Planning matters

Theatre Square (NWT). A revised proposal for the redevelopment of the Spiral Car Park to create a Theatre Square with layout, lighting and a building for community use. Suffolk Highways refused a drop-off point in adjacent Civic Drive, otherwise the proposals were supported. The agents will contribute £350,000 to fitting-out the building and rent it to the New Wolsey Theatre for a peppercorn.  But to do this they require the car park permission to run to 2031 for the scheme to be ‘viable’.

 

Former John Russell Art Gallery, 7 Wherry Quay. Isaac’s planning application proposes little by way of change to the fabric (none of which are objectionable).   We understood that it would be a restaurant or function room; however their licensing application seems to have suggested a more raucous nocturnal use, because the hours requested were long. Time will tell.

Separately, Isaac’s has applied to extend the roof over the central courtyard.

 

County Hall, St Helens Street. Thurlow Architects on behalf of M&D Developments propose conversion of County Hall into 28 flats, twelve maisonettes and 2 new-build maisonettes.  There will be a heritage space in the right-hand Court room behind the blank wall facing St Helens Street, an elevation which is hardly altered.  We have suggested several changes which would enhance the St Helens Street appearance and the Heritage provision but not reduce the number of apartments. 

 

Land to rear of 79 Henley Road.  A previous application for two houses was granted but the applicant decided they wanted a 3 bedroom bungalow and a modern 4 bedroom house, accessed from Dale Hall Lane north.  It's a good sized plot, originally the back gardens of the Grimwade’s family house. The architect, Craig Driver of Hooper’s, has been very thoughtful about the space, its views and its topography. The result promises to be two outstanding modern houses. 

 

34 Graham Road. 34 Graham Road : This application to build a small house on an awkward shaped and sloping plot taken from no 30’s garden and close to no 34 has been refused on the grounds that ‘the design of the building does not respect the context of the conservation area and there are problems with existing trees.’

 

2 Park Road.  This large house which included a single-doctor GP’s surgery has had planning permission since 2007 for a large extension (to the south) and conversion into 14 apartments.  This application is for parking spaces between the extension and the Bridle Way (and other minor changes).  The original house, designed by H. Munro Cautley, was built about 1913 has no protection beyond being in the conservation area. It wasn’t in The Society Local List but does merit a full description in the latest edition of Pevsner. The applicant claims that the drainage system was largely completed before the original planning permission expired; so, legally, it will be impossible to resist the conversion. Additionally it is hard to make a watertight case against the car park. Whilst the loss of the interesting south side balcony is a pity, it is almost entirely screened from public view by a dense belt of undergrowth and trees in the north-west corner of Christchurch Park and by the old brick wall alongside the bridle path. In our view it’s much more sustainable to have 14 apartments this close to the town centre than new buildings on green fields.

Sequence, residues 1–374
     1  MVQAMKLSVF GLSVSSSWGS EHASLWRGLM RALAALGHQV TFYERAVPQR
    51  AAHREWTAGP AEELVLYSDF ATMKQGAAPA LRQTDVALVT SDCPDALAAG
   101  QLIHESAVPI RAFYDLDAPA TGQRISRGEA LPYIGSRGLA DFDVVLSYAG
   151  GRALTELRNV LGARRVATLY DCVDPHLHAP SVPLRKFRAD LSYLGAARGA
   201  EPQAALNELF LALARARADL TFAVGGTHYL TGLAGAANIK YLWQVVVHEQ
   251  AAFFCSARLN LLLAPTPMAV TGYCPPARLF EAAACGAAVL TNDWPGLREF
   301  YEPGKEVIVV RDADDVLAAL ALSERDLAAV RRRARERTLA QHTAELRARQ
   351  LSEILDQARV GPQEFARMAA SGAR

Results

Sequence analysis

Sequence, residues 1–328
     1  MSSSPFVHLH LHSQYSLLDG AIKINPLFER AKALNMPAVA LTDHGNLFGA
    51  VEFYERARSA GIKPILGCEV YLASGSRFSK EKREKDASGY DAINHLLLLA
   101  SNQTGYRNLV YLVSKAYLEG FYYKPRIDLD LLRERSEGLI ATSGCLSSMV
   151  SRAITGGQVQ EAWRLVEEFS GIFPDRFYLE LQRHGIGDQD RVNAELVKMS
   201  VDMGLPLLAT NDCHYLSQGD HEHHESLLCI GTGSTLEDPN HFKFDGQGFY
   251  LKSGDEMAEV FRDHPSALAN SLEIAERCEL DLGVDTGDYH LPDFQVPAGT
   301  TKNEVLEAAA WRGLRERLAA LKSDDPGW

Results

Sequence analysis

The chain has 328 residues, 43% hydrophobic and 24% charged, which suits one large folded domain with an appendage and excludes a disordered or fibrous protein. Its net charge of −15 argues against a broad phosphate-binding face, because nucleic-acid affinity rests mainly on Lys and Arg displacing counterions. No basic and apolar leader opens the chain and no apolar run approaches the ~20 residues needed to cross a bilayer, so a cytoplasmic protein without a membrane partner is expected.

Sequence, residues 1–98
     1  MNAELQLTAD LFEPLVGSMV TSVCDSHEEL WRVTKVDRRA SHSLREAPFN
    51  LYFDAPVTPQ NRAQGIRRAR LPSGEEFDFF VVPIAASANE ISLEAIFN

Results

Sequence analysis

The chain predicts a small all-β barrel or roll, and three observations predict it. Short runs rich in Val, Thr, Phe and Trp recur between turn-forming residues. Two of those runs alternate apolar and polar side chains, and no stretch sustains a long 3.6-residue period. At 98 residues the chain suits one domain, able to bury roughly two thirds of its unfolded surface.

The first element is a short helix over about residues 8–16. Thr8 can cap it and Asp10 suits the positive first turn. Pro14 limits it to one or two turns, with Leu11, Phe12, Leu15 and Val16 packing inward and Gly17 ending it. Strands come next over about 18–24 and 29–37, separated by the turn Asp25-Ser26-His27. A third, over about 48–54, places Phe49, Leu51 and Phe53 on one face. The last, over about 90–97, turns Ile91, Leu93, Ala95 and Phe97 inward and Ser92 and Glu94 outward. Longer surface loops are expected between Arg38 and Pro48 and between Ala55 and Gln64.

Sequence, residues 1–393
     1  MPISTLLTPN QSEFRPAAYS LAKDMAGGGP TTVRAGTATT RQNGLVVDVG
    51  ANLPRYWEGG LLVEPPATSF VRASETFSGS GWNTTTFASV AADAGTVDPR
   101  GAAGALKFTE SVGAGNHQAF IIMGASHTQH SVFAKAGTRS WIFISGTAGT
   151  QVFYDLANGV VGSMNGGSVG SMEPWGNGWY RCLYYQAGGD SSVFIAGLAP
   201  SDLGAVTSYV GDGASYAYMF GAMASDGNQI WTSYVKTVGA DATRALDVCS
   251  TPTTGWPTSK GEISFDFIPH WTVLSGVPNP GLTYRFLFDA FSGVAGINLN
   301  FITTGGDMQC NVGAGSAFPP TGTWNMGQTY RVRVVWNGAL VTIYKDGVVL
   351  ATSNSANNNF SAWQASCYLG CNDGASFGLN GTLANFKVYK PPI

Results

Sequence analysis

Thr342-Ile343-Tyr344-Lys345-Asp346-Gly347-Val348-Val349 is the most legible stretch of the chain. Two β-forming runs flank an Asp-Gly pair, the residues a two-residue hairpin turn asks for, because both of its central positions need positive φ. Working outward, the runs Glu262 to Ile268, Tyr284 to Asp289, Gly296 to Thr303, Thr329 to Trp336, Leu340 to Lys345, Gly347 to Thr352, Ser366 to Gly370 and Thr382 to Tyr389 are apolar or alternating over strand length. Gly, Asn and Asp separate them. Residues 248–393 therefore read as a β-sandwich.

104 London Road. Here’s one we lost; this early 18th century 2 bay small house is now dilapidated, it is not in a conservation area, nor is it listed.  It is, therefore, completely unprotected.  The developer aims to demolish it and build a 3 storey Edwardian pastiche house divided into four, two bedroom flats.  Some say it is unbuildable. It’s one of those decisions that are wrong but legally unavoidable.

 

Webster’s Yard, Dock Street. (Conservation Area + IP1 Action Area).  Complete site clearance and erection of a ten storey building containing seven 2-bedroom apartments, a 3-bedroom duplex and a town house.  The exterior design appears satisfactory. It would be smaller in height and bulk to the neighbouring development. There has been preapp (pre-application) discussion to which we have not been party and the proposal is now well advanced. It is a small but luxurious development. It will mean the loss of the ‘Edward Fison Ltd.’ sign. This historic lettering feature has no mention in any list: Historic England, Pevsner, nor the Society's 1984 Local List. It is, however, in the Stoke conservation area. It is difficult to make a case for it architecturally but it would be interesting to try and retain the gable wall with the Edward Fison sign or, at least, some memory of it in a new build. See photographs below.

 

Land adjacent to Laurel Farm, Henley Road. Close to the northern edge of the Borough, on the east side of Henley Road.  A patch of meadow on which the owner wishes to erect a 4-bedroom detached house together with a 3-bedroom semi-detached house and 3 single garages, parking spaces, generous gardens all off a new common vehicular access. The architect, Peter Wells, proposes conventional rural designs. Our objection would be that this is in the ‘countryside’ connecting the town to the rurality. It is zoned as such. However, there are several houses around it and when the Ipswich Garden Suburb is completed it will be surrounded. It may even have access to the Northern Relief Road running through it!

Mike Cook

Above: The Edward Fison Ltd. sign (with bonus ‘Webster’s Trade Yard’ lettering – now gone)

photographed in 2000 from the Island site. The building fronts Dock Street in Over Stoke.

Below: the sign has benefited from weathering, the characters more pronounced by 2012.

[Photographs from the Ipswich Historic Lettering website.]

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